where \(\xi (\hbox {t})\) is a smooth sigmoid from \(\xi (0) =0\) to \(\xi (t_f ) =1\), with a bell shaped velocity profile and desired finite movement duration \(t_f \). The system has two equilibrium points, an unstable one at \(\xi =0\) and a stable one at \(\xi =1\), consequently the system always approaches stably to \(\xi =1\). The time history of the TBG can be regulated using \(\beta \). The \(\gamma \) parameter has a dual function: controlling the convergence time and to reset the TBG and make it excitable for subsequent activation cycles. As regards to the exponent \(\beta \), it can be shown that the condition,Footnote 2 \(\beta >2/3\) is essential in order for the third derivative of \(\xi \hbox {(t)}\) (Jerk) to be defined at \(t=0\) and \(t= t_f\). Under these conditions, it can be seen that the dynamics of the system are Non Lipscitzian,Footnote 3 i.e. equilibrium configurations do not satisfy Lipschitz condition for ODE since \(|\partial \dot{\xi }/\partial \xi |\rightarrow \infty \). This implies that equilibrium point is a terminal attractor, and systems with terminal attractor dynamics always converge in finite time (Zak 1991).

To derive the convergence time, let us consider a simpler dynamical system:

$$\begin{aligned} \dot{\xi }= & {} \gamma \xi ^{\beta }.\\ t_f= & {} \int _0^{tf} {dt=\int _0^1 {\partial \xi /\gamma \xi ^{\beta }=1/\gamma (1-\beta )} } \end{aligned}$$

Once again we can see that equilibrium point is a terminal attractor as convergence time is always finite and can be precisely specified through the constant \(\gamma =1/t_f (1-\beta )\).

Remarkably, the above dynamical system can be approximated using a reciprocal inhibition network consisting of two neurons. A single neural element is an integrate-and fire neuron comprised of a multiplier, an integrator and a power function. In the integrate-and-fire model, input spikes are multiplied by their respective synaptic weights, summed and integrated over time. If the integral exceeds a threshold, the neuron fires and the integration restarts. The functionality in this case can be expressed as:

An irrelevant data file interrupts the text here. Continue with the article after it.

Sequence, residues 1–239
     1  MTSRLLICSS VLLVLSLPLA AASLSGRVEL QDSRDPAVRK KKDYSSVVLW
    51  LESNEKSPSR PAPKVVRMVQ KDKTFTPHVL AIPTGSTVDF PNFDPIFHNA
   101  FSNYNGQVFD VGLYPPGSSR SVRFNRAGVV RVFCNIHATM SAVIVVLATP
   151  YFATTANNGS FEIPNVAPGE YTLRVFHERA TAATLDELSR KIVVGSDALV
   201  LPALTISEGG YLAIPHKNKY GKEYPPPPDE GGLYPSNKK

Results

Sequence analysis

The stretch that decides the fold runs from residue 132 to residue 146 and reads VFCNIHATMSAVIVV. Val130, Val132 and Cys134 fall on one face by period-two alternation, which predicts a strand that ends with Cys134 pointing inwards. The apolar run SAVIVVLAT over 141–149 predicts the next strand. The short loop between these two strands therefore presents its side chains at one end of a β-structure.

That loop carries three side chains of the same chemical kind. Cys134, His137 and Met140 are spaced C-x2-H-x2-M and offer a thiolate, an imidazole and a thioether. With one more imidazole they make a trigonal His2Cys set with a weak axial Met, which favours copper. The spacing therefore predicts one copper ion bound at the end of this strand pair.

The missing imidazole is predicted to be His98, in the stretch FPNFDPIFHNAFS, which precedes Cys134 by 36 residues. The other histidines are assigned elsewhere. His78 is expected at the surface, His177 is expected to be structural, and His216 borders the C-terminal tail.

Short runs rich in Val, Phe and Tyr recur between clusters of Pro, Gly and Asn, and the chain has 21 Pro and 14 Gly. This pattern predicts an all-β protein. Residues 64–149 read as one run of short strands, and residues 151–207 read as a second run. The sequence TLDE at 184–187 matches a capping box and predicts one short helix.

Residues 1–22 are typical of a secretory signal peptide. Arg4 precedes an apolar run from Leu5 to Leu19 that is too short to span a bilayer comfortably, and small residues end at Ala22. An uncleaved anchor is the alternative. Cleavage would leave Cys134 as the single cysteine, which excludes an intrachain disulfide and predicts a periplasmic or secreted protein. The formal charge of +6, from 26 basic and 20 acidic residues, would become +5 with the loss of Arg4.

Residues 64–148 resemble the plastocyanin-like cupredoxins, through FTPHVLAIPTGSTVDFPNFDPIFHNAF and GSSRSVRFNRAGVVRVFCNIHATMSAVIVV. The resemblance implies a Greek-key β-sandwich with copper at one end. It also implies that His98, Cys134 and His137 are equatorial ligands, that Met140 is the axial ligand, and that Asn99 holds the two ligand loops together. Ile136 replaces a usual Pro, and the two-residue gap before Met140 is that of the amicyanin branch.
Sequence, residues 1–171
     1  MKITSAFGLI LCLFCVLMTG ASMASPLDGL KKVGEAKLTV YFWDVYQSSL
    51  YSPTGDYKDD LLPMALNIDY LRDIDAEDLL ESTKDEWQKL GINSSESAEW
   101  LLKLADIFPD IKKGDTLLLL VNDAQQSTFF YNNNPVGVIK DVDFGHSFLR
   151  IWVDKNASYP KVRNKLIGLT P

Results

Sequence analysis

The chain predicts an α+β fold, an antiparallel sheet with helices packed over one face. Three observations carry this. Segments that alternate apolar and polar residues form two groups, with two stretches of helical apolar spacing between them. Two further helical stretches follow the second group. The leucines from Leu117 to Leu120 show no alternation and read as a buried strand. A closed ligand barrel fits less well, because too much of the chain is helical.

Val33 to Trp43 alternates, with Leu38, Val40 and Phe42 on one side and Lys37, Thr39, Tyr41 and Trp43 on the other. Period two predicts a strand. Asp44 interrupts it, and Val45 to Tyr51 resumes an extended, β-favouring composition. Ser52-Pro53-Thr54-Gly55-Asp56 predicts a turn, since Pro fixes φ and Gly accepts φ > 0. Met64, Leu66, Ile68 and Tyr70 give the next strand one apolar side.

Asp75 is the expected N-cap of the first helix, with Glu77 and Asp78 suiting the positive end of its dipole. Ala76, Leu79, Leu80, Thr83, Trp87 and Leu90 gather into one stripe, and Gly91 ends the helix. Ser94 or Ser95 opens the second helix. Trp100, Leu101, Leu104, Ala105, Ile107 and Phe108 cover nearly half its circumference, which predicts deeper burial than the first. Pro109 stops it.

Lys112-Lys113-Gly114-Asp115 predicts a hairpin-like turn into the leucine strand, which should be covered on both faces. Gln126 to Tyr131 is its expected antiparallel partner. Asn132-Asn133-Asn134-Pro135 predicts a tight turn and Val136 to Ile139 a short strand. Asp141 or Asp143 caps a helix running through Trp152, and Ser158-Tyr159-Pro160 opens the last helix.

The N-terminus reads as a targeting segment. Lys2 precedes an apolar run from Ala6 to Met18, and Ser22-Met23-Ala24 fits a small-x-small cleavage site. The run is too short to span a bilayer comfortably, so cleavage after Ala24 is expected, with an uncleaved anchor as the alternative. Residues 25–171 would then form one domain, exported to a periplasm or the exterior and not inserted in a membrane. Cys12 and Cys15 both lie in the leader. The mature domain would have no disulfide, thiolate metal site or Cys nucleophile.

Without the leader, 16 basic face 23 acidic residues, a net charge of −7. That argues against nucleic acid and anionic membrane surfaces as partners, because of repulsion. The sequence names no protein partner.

$$\begin{aligned} \dot{\xi }_i =\prod w_i \zeta _i \end{aligned}$$

where

$$\begin{aligned} {\zeta _i }=\xi _i ^{\beta } \end{aligned}$$

The reciprocal inhibition network of two neurons modeling the TBG is shown in Fig. 12.

Fig. 12
figure12

Reciprocal inhibition neural network for TBG

Dynamic behavior of the neuron can be written as

$$\begin{aligned}&\dot{\xi }_{1}=-\gamma {\xi }_{1}^{\beta }{\xi }_2^{\beta }=-\dot{\xi }_{2}\\&{\xi }_{1}(t)+ {\xi }_2 (t) =1\\&\therefore \dot{\xi }_{2}=\gamma {\xi }_1 ^{\beta }{\xi }_2 ^{\beta }=\gamma {\xi }_2 ^{\beta }(1-\xi _2 )^{\beta }=\gamma (\xi _2 (1-\xi _2 ))^{\beta } \end{aligned}$$

This is same as Eq. 5.

To perform any reaching movement, several joints—shoulder, elbow, wrist, fingers move cooperatively forming a synergy in a flexible and dynamic fashion. While groups of fingers may operate synergistically while playing a guitar chord, individual fingers are controlled while playing a lead. One of the basic problems of motor control is to understand how neural control structures quickly and flexibly organize and engage different parts of the body schema to cooperate synergistically in a movement sequence. The above TBG can be used to dynamically couple and decouple synergies in different ways based on task specification. In sum, by selecting two parameters of the TBG (\(t_f\) and \(\beta \)), a family of time-varying signals can be generated. From the point of view of real-time implementation, it is possible to use any scalar function of time satisfying the properties of described above or a look-up table etc.

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Bhat, A.A., Akkaladevi, S.C., Mohan, V. et al. Towards a learnt neural body schema for dexterous coordination of action in humanoid and industrial robots. Auton Robot 41, 945–966 (2017). https://doi.org/10.1007/s10514-016-9563-3

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Keywords

  • Body schema
  • Passive motion paradigm
  • iCub
  • Motor control
  • Industrial assembly